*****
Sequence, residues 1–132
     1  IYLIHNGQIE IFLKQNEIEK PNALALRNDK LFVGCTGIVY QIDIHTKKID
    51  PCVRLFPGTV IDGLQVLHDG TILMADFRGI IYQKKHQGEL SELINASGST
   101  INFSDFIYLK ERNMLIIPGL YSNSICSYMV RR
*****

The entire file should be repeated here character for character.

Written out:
Sequence, residues 1–132
     1  IYLIHNGQIE IFLKQNEIEK PNALALRNDK LFVGCTGIVY QIDIHTKKID
    51  PCVRLFPGTV IDGLQVLHDG TILMADFRGI IYQKKHQGEL SELINASGST
   101  INFSDFIYLK ERNMLIIPGL YSNSICSYMV RR